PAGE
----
Following a busy summer season, the Turriff and District Heritage Museum is now winding down towards the winter and will close its doors at the end of the month, to re-open in May 2020.  Staff and volunteers are looking forward to a busy period cataloguing and conserving a growing collection which relates to the area within a 10-mile radius of the town.

The Clan Hay Centre at Delgatie Castle is situated close by the town and much of the museum’s contents relate to the Hay family and the lands they controlled.  Recently, a member of the museum’s volunteer staff donated a particularly interesting artefact in a transcription of the Baron Court Book of Delgatie between approximately 1731 until the winding up of the Baron Courts following their abolition in 1747.

The donor is the daughter of the man who looked after the castle when it was owned by the Ainslie family and has fascinating recollections of the estate during the 1930s and ’40s, its acquisition by the Countess of Erroll in 1948, and the arrival of Captain Hay of Hayfield in 1950, who would devote the rest of his long life to the castle’s preservation.  The transcription of the Court Book is contained in a very ordinary notebook and was made by local farmer Duncan Morrison, it is believed during the 1890s.

The Court sat in Turriff rather than at the castle and it seems likely it met at the Erroll Lodging in the town’s High Street, a historically significant building which was shamefully demolished in the 1970s and which stood on the site of the present-day Tesco supermarket.  The feudal superior of the time was the formidable Mary, 14th Countess of Erroll, who succeeded to the title in her own right in 1717 and whose reign lasted until her death in 1758.  The earlier entries refer to Alexander Hay of Delgaty, the Countess’s husband.  He was originally Alexander Falconer who conformed to the old custom that men married to a Clan Chief would take their wives’ name.  The Countess enfeoffed him in the lands and barony of Delgatie on their marriage and the property reverted to her on his death in 1745.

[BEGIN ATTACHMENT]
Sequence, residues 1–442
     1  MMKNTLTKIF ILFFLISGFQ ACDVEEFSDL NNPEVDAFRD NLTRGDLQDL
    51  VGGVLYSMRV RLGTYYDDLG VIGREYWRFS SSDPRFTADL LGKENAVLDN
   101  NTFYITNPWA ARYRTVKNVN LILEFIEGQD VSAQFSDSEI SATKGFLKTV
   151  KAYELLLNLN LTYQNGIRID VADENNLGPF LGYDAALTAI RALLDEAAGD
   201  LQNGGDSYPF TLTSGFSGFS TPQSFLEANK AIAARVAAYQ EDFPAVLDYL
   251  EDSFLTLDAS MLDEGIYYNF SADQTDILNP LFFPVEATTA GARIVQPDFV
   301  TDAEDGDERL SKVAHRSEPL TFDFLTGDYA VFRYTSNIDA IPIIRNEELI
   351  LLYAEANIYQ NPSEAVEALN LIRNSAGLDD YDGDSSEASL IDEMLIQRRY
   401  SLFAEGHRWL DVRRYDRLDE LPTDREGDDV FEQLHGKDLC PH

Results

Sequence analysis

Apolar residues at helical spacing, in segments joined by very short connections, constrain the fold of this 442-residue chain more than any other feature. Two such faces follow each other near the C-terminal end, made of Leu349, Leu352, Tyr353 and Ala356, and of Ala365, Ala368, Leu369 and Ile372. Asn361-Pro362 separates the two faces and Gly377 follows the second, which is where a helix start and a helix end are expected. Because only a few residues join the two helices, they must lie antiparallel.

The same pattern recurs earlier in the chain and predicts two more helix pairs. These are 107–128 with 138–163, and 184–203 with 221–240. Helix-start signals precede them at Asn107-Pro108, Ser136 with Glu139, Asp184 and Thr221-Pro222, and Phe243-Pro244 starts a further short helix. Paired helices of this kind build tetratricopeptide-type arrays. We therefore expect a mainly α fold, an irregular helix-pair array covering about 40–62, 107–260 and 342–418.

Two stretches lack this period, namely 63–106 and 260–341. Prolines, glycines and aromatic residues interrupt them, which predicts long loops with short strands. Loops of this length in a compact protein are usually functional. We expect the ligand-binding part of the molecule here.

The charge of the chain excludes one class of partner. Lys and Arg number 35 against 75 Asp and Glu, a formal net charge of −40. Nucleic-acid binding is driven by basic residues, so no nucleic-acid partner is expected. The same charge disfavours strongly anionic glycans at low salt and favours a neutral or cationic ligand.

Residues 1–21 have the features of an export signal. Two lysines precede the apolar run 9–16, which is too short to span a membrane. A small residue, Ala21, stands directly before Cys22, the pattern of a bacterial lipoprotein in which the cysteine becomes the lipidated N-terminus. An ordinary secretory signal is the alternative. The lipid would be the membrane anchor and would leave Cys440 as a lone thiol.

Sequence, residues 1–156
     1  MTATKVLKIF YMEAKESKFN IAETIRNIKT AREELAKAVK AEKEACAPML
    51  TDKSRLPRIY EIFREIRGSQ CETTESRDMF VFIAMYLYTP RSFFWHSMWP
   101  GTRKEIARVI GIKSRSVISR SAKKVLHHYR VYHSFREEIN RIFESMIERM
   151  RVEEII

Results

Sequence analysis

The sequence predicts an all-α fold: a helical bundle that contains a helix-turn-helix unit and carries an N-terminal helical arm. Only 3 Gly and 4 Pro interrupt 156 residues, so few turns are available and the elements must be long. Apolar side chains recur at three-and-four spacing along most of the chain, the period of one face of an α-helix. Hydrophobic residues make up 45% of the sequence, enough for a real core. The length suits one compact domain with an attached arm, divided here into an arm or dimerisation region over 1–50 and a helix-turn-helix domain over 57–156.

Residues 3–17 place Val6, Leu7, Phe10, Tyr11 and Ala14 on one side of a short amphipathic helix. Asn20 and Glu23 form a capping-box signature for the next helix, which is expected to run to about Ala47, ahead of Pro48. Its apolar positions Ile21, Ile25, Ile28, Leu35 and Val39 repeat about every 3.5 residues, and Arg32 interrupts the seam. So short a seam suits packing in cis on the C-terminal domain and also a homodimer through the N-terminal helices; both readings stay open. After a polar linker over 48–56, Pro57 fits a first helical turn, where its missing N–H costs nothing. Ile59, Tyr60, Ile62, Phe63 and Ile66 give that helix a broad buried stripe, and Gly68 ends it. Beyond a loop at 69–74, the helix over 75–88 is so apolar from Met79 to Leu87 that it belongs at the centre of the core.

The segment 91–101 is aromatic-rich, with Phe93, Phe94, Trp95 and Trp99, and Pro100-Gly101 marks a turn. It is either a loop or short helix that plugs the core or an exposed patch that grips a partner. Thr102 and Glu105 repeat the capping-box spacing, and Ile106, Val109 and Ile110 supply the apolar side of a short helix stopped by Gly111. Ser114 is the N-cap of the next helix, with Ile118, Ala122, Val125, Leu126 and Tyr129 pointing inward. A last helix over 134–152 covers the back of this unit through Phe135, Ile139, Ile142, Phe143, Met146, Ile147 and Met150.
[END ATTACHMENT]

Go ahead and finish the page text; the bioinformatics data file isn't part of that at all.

It paints a fascinating picture of the work of the Baron Court in its declining years.  Like most such courts, it is overwhelmingly concerned with the day-to-day business of Lady Erroll’s estate, dealing with matters of rent arrears, boundaries, leases and commercial disputes among tenants and their suppliers.  However there are also interesting glimpses of the population of the time in that the court also dealt with minor offending, matters of debt and other assorted local issues.

The court was presided over by John Henderson, Lady Erroll’s Chamberlain of Delgaty, who also functioned as her Baron Baillie.  He was assisted by Sylvester Keith, a lawyer and notary public, George Urquhart, Procurator Fiscal for the court, and John Bagray, the Dempster, or court officer, who would have the job of enforcing the baillie’s decisions.

This is just one of the many hundreds of exhibits on display at the local heritage museum, so if you are planning a visit to Delgatie Castle next year in pursuit of your Hay heritage, please make a point of taking in the museum too.